To repeat: I’m not talking about finding senior officials whom Trump can dispatch to meet with their foreign counterparts; for those tasks he has Rex Tillerson, James Mattis, McMaster, and others. I’m talking about people he can dispatch on foreign visits who could reach out to the broader public and win them over through displays of empathy, charm, sensitivity, and a common touch. (In theory, American ambassadors and diplomatic staff could do some of this work, except that Trump is busy gutting the State Department as well.)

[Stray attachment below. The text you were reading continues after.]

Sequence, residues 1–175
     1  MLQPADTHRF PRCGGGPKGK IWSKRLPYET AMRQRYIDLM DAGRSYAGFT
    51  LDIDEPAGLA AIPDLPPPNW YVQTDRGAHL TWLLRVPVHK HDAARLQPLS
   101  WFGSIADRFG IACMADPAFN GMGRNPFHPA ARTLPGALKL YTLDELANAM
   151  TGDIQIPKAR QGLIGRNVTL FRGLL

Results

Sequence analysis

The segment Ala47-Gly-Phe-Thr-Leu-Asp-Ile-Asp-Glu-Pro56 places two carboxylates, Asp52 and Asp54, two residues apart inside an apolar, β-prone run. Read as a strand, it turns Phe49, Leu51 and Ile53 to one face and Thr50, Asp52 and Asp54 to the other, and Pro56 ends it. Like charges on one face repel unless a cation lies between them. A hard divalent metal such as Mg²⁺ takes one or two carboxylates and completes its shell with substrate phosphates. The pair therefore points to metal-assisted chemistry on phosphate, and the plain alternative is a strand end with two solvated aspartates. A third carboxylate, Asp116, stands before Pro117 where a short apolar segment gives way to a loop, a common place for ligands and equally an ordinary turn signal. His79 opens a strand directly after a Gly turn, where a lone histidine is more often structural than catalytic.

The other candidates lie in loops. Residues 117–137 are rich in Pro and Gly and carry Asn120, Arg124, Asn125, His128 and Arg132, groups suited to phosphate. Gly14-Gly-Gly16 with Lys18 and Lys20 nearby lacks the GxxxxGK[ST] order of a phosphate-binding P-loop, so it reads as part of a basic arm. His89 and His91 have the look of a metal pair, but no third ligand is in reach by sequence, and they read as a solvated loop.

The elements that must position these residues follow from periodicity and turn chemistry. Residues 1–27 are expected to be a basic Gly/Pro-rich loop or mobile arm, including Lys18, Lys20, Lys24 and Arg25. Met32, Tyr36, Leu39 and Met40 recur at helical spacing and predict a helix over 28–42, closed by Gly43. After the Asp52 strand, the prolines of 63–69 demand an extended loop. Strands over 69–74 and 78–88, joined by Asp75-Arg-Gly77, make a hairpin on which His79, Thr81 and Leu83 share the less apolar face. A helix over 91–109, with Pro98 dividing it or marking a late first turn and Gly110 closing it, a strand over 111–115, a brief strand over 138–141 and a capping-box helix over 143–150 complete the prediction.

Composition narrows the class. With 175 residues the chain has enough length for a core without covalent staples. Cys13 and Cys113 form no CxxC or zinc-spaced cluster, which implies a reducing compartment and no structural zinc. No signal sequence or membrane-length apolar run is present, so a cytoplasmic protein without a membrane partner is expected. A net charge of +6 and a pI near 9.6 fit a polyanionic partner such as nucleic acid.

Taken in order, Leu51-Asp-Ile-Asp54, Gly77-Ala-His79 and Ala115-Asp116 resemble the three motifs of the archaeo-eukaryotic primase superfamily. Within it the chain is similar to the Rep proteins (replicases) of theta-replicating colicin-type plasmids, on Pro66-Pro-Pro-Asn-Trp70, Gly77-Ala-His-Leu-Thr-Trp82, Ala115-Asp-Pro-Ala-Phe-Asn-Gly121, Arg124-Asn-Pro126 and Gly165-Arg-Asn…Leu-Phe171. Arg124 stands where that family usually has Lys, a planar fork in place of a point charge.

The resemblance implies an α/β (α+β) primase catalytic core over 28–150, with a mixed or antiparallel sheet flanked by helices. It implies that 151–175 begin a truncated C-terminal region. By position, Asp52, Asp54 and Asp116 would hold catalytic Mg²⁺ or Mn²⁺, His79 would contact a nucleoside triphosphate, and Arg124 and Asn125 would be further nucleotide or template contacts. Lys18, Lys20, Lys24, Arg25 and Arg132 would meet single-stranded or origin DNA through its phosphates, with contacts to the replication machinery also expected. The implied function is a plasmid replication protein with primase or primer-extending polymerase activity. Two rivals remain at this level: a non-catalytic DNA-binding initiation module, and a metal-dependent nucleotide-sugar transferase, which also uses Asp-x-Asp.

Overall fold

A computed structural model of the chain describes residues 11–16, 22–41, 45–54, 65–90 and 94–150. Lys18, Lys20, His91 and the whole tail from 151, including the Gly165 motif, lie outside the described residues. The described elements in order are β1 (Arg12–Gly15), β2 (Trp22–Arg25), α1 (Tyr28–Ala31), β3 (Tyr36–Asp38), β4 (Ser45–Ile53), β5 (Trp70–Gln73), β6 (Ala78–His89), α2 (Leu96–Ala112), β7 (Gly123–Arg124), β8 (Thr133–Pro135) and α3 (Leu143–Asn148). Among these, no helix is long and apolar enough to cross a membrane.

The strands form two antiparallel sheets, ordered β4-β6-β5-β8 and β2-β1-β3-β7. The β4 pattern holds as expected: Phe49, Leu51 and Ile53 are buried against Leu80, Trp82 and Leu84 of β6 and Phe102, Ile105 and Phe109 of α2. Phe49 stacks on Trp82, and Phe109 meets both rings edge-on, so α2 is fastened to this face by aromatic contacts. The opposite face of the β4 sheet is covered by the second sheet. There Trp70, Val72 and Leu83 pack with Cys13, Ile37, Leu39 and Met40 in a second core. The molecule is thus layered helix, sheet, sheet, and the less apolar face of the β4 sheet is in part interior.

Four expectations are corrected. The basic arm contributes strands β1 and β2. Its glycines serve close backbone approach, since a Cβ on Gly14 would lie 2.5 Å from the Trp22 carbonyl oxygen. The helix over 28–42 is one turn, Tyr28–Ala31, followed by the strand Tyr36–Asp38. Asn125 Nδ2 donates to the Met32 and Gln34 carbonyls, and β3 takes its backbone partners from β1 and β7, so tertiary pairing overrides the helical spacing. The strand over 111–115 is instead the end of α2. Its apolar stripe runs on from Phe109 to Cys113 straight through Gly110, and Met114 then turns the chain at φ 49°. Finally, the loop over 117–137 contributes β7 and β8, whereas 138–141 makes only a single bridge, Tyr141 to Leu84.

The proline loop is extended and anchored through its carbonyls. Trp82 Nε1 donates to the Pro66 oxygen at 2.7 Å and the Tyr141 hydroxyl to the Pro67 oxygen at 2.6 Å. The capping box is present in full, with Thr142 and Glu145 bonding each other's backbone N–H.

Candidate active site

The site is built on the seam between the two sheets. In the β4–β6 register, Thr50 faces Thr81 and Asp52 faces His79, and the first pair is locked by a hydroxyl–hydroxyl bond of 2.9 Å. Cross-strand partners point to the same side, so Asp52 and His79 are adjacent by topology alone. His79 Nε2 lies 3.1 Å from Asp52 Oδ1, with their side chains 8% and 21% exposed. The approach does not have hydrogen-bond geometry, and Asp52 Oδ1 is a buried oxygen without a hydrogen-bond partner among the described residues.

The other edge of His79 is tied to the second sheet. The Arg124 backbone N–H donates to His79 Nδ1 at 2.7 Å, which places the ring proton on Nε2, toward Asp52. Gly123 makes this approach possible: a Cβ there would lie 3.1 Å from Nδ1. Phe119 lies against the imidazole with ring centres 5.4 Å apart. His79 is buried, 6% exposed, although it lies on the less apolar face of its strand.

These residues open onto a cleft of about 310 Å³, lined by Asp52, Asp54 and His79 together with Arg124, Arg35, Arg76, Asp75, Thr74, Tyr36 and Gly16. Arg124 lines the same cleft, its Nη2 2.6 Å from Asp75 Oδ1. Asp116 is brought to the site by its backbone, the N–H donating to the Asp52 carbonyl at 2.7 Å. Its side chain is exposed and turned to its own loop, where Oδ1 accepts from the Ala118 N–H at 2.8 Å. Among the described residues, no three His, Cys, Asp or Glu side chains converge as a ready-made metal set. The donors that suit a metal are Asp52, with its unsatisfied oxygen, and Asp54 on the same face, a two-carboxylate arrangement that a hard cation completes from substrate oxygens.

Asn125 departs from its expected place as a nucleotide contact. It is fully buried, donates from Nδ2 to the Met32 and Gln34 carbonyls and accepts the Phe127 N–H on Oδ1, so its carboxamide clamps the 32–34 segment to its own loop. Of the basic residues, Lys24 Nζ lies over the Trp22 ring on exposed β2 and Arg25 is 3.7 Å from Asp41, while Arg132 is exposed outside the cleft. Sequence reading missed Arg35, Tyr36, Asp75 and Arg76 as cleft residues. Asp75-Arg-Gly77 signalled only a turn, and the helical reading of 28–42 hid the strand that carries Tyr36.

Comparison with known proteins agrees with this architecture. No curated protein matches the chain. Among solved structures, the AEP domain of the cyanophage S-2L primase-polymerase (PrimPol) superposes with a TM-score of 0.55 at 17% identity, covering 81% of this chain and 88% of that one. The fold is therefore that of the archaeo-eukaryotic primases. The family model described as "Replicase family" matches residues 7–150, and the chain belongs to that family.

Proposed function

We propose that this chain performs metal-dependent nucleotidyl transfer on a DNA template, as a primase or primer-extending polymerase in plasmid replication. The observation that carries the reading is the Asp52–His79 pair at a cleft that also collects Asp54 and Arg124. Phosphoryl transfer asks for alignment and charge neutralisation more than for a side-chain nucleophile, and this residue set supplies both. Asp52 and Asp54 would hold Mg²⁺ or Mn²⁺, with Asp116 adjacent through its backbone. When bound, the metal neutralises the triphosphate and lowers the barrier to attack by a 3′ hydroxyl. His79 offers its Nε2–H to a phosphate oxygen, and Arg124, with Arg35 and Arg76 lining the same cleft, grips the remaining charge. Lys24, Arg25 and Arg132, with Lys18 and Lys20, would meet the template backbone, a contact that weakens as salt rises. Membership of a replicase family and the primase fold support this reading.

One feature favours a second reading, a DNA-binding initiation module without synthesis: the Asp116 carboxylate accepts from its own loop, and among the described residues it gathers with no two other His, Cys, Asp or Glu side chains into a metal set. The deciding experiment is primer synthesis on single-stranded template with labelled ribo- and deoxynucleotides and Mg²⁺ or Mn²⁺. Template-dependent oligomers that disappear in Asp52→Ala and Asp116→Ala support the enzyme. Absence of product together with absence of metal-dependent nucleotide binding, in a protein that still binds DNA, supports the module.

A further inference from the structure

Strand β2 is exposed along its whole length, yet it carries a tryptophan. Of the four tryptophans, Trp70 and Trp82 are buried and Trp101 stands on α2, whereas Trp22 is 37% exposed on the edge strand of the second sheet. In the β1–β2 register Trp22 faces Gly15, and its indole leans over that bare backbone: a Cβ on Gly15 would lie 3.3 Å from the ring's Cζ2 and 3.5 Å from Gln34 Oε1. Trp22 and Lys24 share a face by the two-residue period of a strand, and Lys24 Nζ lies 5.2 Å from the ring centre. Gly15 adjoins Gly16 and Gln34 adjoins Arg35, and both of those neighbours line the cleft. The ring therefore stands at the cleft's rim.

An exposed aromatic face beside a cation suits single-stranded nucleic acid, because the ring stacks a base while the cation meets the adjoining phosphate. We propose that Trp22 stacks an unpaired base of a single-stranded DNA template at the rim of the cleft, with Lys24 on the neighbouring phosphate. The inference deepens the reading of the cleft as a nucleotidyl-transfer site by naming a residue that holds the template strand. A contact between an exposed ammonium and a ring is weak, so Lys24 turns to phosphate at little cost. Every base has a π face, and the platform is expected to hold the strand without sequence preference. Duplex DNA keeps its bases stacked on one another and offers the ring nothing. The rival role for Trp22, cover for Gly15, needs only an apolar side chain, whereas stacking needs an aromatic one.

Obviously, Trump himself is not the answer; he may not be welcome to visit the United Kingdom these days, and lord only knows what sort of damage he might do if he did. Tillerson is not the answer either, as the middle-finger reception he got in New Zealand makes clear, and a guy who doesn’t like the press and avoids his own embassies when traveling abroad is not exactly the person you want doing public outreach in foreign countries.

What about Melania Trump? She may be looking for reasons to get out of Washington soon, but thus far her conduct as first lady doesn’t convey much personal enthusiasm for an active public role. Ivanka Trump or Jared Kushner? Get real. They may act like royalty, but I can’t quite imagine them either embracing this job or being very good at it. Among people close to Trump, in short, I’m just about out of names.